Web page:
A direct conflict between the U.S. and Russia is a daily threat.
Two months ago, the Pentagon accused Russia of dropping bombs dangerously close to American special operations forces in eastern Syria. The U.S. issued a stern warning. In response, Russia threatened to retaliate if its troops came under fire by the U.S.
The two nations use a “de-confliction” hotline every day to share information about their operations in Syria, as military officers seek to avoid a mistake or miscalculation that could ignite a full-scale war between them.
Such a conflict is something neither side may want, but its two leaders may be powerless to prevent it. Why? Because of Special Counsel Robert Mueller’s continuing investigation.
The longer the special counsel’s case drags on, the less likely it will be that President Trump and Russian President Vladimir Putin can sit down together in earnest to discuss key issues. These issues include diffusing the increasingly dangerous encounters in Syria, plus a myriad of other contentious topics that imperil American-Russian relations.
Gorbachev Issues Warning
Among those who are deeply concerned is Mikhail Gorbachev, the last leader of the Soviet Union. He recently described U.S.-Russia relations as having deteriorated into a “severe crisis,” warning that the nuclear arms control treaty that ended the Cold War is teetering on the precipice of collapse. Each side accuses the other of violating the terms of the treaty.
Writing in a Russian government newspaper, the former Soviet leader offered a dire prediction: “If the system of curbing nuclear arms crumbles, and that is exactly what the collapse of the INF (Intermediate-Range Nuclear Forces) treaty can lead to, the consequences will be catastrophic.”
Gorbachev urged Presidents Trump and Putin to hold a summit to address the alarming nuclear issue, calling it “totally abnormal” that such a meeting has yet to take place.
A summit meeting has not happened because there is legitimate concern in the White House that any friendly or conciliatory overture by President Trump toward Putin will surely be met by a hostile media. The media are predisposed to exploit any U.S.-Russian improvement in relations as incriminating evidence of Trump-Russia “collusion” which, however mistakenly, is a subject of Mueller’s investigation.
With no end in sight, the probe will linger as a critical impediment to warmer relations and a better mutual understanding that could avert the kind of cataclysmic conflict Gorbachev envisions and fears. Time is of the essence, and the clock is ticking.
Trump Wants Better Relations
During the 2016 election, and well before President Trump was ever accused of conspiring with Putin to influence the election, candidate Trump called for warmer relations with the Russian leader. At one campaign rally he asked: “If we could get along with Russia, wouldn’t that be a good thing, instead of a bad thing?”
Democratic presidential candidate Hillary Clinton predictably derided her opponent for embracing Putin, forgetting that she infamously presented a “reset button” to Russia while she was secretary of state and then failed to deliver on her promise. Hypocrisy has always been her strong suit.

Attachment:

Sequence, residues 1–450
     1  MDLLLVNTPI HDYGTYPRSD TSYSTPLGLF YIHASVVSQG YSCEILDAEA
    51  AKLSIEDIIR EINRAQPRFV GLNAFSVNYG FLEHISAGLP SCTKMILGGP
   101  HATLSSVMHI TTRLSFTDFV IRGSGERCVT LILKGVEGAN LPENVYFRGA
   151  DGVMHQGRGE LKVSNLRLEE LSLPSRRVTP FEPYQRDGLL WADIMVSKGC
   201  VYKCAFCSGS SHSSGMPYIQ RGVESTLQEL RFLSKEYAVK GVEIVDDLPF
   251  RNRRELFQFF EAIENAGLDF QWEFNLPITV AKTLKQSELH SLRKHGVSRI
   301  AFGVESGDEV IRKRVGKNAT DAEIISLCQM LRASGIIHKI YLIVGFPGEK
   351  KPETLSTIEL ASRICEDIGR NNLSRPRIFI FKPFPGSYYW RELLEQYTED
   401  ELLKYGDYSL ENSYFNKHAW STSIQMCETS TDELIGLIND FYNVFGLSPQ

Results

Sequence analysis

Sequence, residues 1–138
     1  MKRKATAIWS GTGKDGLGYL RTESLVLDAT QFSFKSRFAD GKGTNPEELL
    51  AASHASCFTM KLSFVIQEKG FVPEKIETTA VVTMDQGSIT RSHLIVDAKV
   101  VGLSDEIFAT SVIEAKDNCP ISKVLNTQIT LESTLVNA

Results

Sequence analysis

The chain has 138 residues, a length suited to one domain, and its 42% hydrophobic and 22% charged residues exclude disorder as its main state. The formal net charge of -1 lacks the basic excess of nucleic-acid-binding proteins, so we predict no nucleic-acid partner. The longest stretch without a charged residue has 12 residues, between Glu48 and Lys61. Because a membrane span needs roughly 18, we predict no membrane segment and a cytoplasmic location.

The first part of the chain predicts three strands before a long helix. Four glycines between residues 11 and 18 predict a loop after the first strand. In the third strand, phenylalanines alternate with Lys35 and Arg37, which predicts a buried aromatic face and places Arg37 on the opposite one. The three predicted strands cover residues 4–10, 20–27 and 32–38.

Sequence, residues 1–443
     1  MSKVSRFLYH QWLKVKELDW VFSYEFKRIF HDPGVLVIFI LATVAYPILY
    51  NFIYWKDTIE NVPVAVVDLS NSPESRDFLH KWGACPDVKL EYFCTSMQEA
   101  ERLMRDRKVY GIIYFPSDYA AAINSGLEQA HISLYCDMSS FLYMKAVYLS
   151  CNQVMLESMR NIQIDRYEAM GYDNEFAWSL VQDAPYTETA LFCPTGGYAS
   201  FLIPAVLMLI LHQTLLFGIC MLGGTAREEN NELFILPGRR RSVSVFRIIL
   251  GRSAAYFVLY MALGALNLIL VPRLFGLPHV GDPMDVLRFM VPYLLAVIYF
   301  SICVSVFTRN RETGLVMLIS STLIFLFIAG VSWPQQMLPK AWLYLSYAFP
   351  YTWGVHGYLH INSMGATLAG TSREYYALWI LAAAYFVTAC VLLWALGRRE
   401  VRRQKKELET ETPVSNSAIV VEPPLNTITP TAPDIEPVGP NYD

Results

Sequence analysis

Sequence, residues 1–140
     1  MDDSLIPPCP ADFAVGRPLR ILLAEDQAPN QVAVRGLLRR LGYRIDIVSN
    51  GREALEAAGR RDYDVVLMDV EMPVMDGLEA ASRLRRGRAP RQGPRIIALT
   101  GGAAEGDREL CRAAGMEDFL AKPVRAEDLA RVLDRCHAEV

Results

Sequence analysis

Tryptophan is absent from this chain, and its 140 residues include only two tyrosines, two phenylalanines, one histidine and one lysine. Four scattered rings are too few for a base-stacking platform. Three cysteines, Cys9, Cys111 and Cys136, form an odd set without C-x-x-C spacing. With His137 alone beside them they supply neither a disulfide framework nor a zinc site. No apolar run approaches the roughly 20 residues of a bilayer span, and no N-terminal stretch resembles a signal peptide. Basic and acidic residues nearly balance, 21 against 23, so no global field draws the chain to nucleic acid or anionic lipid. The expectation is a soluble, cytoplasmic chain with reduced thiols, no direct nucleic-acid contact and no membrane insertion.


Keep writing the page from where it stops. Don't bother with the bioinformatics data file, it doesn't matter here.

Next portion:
Other than brief meetings on the sidelines of the G-20 summit in Germany in July and again during the more recent Pacific-Asia Economic Cooperation summit in Vietnam, Trump and Putin have had little direct contact. There have been a few phone calls, but nothing of any substance.
In August, Congress escalated tensions when it passed a sweeping package of sanctions against Russia for its election meddling, further alienating Putin.
The Russian leader immediately retaliated by ordering the U.S. to cut 755 people from the staff at its embassy in Moscow and at three consulates in other cities. That left a total staff of 455.
The reprisal prompted President Trump to observe: “Our relationship with Russia is at an all-time and very dangerous low. You can thank Congress.”
The diplomatic chill, dissension and concomitant danger will likely endure, as long as Mueller’s investigation languishes.
President Trump has reportedly received reassurance from White House lawyer Ty Cobb that the investigation will be finished by the end of the year. This is overly optimistic, notwithstanding a dearth of evidence that Trump ever conspired with Russia.
The Senate Intelligence Committee spent 10 months investigating alleged “collusion” and came up with no evidence whatsoever. Senior Obama administration intelligence officials who were privy to the investigations by the FBI, CIA and NSA are on record as saying they, too, saw no such evidence when they were in office.
Unless the special counsel accelerates the conclusion of his investigation, or otherwise reveals that there is no evidence of campaign “collusion” with Russia, relations between the two great nuclear powers could degrade to such a degree that armed conflict may become a frightening inevitability.
To put it plainly, Mueller’s investigation may be jeopardizing American lives. It is imperative that the probe be brought to a speedy conclusion.